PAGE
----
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Extraordinary Memory Abilities

Reviewed by Psychology Today Staff

The vast potential of the human brain becomes especially clear in the domain of memory. The most captivating instances of superior memory ability may be few and far between—the savant who memorizes a library’s worth of books, the otherwise regular person who can’t help but remember what she did 10 years ago today. But such cases show that, at its outer reaches, memory capacity can be far more immense than it is for most of us on even our most lucid day.

Hyperthymesia, Savants, and Photographic Memory

Some awe-inspiring individuals develop highly unusual abilities to remember particular kinds of information—personal experiences, historical facts, musical compositions, or others. These powers of memory can arise in the absence of extensive training, and the cause is often unclear. And they can appear in people who are otherwise intellectually ordinary, or who show deficits in other areas of cognitive functioning.

What is highly superior autobiographical memory (HSAM)?

Hyperthymesia, also known as highly superior autobiographical memory (HSAM), is the ability to remember far more about one’s own life than is typical, including details of personal experiences and when they occured. Someone with HSAM would likely be able to recount what she personally did, what the weather was like, or what the top news was on a randomly chosen date many years ago. She may also be able to recall the exact dates on which various events occurred. However, people with HSAM do not show such unusual memory for all kinds of information, their autobiographical memory is not perfect, and they may not stand out on other cognitive characteristics.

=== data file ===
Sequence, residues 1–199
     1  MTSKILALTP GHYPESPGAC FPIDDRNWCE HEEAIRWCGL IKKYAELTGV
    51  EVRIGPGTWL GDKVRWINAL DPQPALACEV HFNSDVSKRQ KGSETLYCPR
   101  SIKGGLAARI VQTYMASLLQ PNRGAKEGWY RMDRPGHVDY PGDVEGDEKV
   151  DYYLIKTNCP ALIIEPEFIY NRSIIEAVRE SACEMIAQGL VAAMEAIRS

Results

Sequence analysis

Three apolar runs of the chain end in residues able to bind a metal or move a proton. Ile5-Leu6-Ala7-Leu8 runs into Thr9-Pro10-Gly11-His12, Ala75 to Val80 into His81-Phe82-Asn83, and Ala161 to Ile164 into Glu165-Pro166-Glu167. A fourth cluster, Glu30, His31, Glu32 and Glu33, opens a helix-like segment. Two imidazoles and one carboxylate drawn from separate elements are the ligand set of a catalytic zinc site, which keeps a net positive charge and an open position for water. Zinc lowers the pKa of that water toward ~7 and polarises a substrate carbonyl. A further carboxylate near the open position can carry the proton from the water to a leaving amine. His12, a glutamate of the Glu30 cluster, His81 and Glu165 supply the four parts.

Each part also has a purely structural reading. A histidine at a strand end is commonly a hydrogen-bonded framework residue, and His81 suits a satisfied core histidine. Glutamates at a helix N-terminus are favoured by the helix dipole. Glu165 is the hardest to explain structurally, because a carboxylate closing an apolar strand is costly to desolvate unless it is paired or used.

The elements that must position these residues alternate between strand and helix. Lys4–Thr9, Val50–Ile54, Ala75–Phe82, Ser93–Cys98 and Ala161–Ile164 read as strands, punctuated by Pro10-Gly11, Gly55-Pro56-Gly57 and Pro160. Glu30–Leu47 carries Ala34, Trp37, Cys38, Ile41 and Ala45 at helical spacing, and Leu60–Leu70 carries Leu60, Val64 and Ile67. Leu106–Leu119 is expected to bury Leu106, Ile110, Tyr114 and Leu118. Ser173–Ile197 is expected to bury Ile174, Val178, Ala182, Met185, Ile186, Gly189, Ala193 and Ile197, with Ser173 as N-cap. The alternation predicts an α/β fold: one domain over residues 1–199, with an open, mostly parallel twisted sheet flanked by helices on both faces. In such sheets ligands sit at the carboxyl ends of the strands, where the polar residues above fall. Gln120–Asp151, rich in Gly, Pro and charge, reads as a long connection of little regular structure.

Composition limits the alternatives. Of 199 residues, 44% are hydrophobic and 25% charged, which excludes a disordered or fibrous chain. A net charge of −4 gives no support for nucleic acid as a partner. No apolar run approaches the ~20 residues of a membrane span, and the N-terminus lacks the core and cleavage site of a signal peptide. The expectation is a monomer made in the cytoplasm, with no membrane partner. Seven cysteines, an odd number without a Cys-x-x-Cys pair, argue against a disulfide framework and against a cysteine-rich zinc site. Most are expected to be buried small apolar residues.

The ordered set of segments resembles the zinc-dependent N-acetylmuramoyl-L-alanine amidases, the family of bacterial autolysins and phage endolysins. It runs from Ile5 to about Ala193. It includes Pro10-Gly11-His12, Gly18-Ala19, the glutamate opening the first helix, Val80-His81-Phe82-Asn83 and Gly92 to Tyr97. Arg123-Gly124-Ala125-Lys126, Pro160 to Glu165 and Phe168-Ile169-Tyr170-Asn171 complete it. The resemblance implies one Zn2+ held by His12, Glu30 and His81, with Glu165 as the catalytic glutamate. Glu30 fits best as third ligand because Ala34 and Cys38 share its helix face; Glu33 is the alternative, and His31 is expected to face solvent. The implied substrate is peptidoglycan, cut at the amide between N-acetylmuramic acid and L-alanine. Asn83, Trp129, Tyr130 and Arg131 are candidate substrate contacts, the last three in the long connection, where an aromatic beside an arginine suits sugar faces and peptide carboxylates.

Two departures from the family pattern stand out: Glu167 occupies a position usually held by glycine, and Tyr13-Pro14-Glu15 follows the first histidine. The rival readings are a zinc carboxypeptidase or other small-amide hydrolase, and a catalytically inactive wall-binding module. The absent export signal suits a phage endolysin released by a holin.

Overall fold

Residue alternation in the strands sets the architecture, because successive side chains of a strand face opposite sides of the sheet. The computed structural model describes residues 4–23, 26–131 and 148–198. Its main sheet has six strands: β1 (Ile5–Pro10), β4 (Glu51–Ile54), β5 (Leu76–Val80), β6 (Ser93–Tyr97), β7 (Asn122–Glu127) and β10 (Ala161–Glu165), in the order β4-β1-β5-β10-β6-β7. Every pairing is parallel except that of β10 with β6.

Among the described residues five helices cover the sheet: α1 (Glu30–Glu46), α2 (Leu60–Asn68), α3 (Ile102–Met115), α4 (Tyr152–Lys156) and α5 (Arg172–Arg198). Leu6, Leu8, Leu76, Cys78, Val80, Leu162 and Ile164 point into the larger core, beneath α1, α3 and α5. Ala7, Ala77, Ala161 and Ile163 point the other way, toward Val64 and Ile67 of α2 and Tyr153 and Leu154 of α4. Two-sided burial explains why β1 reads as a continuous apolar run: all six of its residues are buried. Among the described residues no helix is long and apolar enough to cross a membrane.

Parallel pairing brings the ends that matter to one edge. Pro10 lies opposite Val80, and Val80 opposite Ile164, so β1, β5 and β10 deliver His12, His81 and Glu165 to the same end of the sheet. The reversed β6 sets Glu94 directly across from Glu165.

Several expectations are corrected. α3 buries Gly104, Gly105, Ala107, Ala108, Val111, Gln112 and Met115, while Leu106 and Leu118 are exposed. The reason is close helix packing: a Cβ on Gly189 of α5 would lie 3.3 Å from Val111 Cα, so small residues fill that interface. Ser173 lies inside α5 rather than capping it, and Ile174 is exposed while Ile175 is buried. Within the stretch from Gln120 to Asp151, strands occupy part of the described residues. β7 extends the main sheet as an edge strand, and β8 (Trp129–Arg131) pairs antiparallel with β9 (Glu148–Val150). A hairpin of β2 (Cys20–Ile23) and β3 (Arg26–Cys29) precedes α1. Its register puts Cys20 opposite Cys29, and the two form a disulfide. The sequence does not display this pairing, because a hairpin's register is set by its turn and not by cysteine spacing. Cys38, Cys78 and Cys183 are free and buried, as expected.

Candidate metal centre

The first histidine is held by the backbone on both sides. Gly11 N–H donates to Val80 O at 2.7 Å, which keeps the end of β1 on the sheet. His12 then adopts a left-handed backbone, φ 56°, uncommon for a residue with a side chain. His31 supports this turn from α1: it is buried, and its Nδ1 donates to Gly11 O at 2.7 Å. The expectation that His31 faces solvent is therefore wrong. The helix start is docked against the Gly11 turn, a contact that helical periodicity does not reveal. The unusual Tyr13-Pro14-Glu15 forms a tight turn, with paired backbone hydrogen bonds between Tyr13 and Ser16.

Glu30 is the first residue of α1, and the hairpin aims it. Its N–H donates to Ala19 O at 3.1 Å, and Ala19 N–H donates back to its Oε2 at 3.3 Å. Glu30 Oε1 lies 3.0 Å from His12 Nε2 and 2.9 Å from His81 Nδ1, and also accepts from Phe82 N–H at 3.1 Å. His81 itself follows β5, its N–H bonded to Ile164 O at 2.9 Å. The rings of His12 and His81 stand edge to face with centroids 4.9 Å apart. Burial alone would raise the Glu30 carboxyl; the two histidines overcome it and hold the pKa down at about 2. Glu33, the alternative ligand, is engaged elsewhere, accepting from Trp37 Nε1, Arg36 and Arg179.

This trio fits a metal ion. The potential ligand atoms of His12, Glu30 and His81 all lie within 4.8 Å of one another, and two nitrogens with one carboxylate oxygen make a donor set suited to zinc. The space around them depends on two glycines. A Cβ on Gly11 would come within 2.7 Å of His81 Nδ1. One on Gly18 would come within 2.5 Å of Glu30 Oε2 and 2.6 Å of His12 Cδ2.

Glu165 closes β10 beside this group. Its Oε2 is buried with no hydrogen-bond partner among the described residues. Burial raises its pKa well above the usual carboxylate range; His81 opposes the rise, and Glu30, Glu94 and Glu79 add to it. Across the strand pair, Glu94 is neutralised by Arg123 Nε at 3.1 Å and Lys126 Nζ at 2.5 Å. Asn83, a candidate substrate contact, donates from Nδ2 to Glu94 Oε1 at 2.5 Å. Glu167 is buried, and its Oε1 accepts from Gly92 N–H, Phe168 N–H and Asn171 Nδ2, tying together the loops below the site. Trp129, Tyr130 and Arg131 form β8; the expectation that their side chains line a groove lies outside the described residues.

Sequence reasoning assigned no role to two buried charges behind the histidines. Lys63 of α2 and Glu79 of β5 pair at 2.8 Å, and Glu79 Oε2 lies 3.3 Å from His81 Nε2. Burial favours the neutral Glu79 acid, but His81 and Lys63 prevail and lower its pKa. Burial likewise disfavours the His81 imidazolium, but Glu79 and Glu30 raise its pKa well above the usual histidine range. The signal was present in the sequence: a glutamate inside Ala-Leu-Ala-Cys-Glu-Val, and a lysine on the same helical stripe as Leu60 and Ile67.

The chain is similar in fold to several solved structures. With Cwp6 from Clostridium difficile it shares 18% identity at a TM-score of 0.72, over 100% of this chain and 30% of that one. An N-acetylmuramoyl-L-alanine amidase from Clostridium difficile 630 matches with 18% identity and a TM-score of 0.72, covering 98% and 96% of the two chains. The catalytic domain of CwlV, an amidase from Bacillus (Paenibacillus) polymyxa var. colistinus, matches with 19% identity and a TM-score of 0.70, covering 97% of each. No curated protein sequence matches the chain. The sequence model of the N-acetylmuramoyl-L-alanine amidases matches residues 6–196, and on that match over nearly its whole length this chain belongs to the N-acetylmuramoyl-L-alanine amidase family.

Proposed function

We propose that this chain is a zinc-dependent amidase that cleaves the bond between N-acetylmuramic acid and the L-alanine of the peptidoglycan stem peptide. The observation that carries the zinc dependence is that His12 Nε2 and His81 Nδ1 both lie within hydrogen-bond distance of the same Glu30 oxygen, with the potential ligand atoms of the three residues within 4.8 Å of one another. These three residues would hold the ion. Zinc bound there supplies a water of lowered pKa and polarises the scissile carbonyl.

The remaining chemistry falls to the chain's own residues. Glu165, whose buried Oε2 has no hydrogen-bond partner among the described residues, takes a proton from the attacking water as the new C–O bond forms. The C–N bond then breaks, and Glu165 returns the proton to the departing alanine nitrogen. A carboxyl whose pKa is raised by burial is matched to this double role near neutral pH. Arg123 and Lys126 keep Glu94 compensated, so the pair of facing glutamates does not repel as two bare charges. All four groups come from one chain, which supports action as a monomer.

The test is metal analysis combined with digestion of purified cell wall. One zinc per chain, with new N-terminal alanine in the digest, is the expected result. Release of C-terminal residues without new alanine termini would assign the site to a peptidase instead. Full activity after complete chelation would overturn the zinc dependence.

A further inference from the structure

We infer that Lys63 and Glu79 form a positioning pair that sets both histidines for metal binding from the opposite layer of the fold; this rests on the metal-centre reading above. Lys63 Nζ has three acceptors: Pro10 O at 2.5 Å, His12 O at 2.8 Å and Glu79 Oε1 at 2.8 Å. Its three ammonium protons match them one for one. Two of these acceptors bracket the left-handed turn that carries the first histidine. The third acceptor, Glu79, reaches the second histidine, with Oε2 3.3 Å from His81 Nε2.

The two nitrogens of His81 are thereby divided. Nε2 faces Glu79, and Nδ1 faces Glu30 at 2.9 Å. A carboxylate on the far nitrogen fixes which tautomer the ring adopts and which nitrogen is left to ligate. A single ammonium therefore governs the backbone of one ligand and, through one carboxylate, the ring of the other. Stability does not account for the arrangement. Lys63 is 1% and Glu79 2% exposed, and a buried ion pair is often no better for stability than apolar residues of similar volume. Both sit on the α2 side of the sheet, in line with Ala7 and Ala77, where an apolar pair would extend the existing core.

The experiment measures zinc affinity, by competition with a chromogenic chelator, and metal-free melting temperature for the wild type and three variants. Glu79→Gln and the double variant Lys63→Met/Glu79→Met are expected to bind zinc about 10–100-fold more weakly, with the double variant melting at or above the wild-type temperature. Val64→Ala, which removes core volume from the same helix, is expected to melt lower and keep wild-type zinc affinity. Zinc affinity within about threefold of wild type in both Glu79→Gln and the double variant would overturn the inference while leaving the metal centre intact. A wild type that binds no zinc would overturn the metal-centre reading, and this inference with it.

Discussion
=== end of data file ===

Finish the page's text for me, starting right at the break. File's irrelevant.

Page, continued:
How many people have HSAM?

Highly superior autobiographical memory is thought to be very rare. As of the mid-2010s, according to an expert report, fewer than 100 people with highly superior autobiographical memory ability had been found.

Memory Champions

Some people accomplish impressive feats of memory not because of a radical difference in cognitive functioning relative to other people, but through training and the use of techniques for enhancing memory. The examples of these memory champions suggest that even relatively ordinary minds can take memory to extraordinary levels.

What is a memory athlete?

A memory athlete is someone who participates in memory competitions, which can involve a variety of tests of memory ability. Competitors train their ability to recall information with the aid of mental techniques called mnemonics. Memory sport includes international competitions (the World Memory Championships launched in 1991) as well as national and lower-level contests.

What can memory champions do?

Some of the feats performed by memory champions include memorizing long strings of digits, series of random words, sequences of cards in decks, and names and faces. Memory champions regularly set new world records: In 2019, for example, a contender memorized a sequence of 335 random words in 15 minutes. Another memorized 1,168 digits in the same amount of time. 

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